With much uncertainty since the Brexit result, questions have surfaced about what effect it will have on the UK economy. One question in particular surrounds skill shortage and whether the demand for engineers will outweigh skill availability.
It’s estimated that 250,000 construction workers and 150,000 engineers will be needed over the next 4 years to meet industry demand. This forecast has led to the UK Government promising to invest £2.6 billion in apprenticeship training by 2020. The most recent being the Apprenticeship Levy which is due to launch next April.
Employers in any sector will have to pay the levy if they have a wage bill of £3m a year. Payments into the levy will start in the new tax year (April 6th 2017) and firms will be able to claim funding the following month. It’s said it will hold 15 funding bands for all apprenticeships and shall range from £1,500-£27,000 depending on the complexity of the programme.
Data taken from the Skills Funding Agency show promising figures of engineering apprenticeship enrolments, with more than 74,000 in 2014-15 which is a 14% increase from the previous year. This shows that the ‘earn and learn’ route is becoming more popular for young adults than higher education due to fluctuating rates of university costs. Further statistics support construction as one of the top five apprenticeships to be chosen.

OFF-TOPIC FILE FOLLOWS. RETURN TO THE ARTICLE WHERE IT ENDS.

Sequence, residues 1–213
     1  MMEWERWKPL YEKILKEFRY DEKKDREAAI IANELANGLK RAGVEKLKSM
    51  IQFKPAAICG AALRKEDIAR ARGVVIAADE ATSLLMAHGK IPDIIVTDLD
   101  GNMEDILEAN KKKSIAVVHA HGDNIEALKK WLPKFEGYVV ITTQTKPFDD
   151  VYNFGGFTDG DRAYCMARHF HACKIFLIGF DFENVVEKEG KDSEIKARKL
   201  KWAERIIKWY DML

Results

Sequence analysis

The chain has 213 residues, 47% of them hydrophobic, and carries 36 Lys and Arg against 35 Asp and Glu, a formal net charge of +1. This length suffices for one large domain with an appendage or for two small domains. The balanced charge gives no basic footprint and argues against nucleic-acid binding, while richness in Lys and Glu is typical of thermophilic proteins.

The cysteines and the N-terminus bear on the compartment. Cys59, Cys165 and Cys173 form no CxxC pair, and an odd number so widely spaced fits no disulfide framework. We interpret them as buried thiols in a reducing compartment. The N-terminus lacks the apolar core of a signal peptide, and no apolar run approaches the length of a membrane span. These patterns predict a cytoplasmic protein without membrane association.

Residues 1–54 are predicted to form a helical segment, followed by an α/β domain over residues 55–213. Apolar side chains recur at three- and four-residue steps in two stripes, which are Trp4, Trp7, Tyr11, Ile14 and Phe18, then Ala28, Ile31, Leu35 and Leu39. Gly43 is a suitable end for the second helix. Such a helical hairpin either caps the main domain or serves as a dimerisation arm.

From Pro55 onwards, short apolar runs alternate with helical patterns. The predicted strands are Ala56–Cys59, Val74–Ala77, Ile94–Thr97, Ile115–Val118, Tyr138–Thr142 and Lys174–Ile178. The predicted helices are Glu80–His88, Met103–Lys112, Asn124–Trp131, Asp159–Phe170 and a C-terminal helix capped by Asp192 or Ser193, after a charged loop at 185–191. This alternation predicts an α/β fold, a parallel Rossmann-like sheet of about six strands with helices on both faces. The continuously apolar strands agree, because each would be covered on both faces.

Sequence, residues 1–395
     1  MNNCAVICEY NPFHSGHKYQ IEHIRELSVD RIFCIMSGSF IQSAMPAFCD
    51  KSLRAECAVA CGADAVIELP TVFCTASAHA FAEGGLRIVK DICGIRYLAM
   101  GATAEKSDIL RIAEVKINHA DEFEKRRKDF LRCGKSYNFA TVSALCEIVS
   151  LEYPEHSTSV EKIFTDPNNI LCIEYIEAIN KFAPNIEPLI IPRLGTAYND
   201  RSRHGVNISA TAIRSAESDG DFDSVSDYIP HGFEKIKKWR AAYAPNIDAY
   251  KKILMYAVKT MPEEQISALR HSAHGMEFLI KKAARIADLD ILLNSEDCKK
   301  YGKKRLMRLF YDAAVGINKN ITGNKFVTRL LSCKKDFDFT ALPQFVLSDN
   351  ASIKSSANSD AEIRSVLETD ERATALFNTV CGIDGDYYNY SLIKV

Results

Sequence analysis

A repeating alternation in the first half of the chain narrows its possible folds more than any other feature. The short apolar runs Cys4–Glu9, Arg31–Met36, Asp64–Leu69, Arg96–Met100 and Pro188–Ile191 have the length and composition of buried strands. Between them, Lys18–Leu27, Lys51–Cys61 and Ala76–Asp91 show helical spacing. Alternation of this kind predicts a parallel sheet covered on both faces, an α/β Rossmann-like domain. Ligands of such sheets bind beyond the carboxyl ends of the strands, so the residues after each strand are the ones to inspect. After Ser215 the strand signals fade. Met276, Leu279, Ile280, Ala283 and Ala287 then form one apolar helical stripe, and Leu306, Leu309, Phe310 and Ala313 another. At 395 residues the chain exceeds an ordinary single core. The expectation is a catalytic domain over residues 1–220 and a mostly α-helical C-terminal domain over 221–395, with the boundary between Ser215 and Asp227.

361 Degrees applaud the Government’s efforts to kick start careers for so many young adults. We are involved in every stage of the mechanical services process, from consultation to design, installation and servicing, so we understand the importance of investing in our young engineers and ensuring they have the resources to reach their full potential. We hope to go a degree further not only for our customers but for our staff which is why we give them the opportunity to take part in our engineer spotlight each month.
Click here for our latest engineer spotlight article.
Source: Builder & Engineer magazine, issue 1947, page 22 ‘skilling the workforce’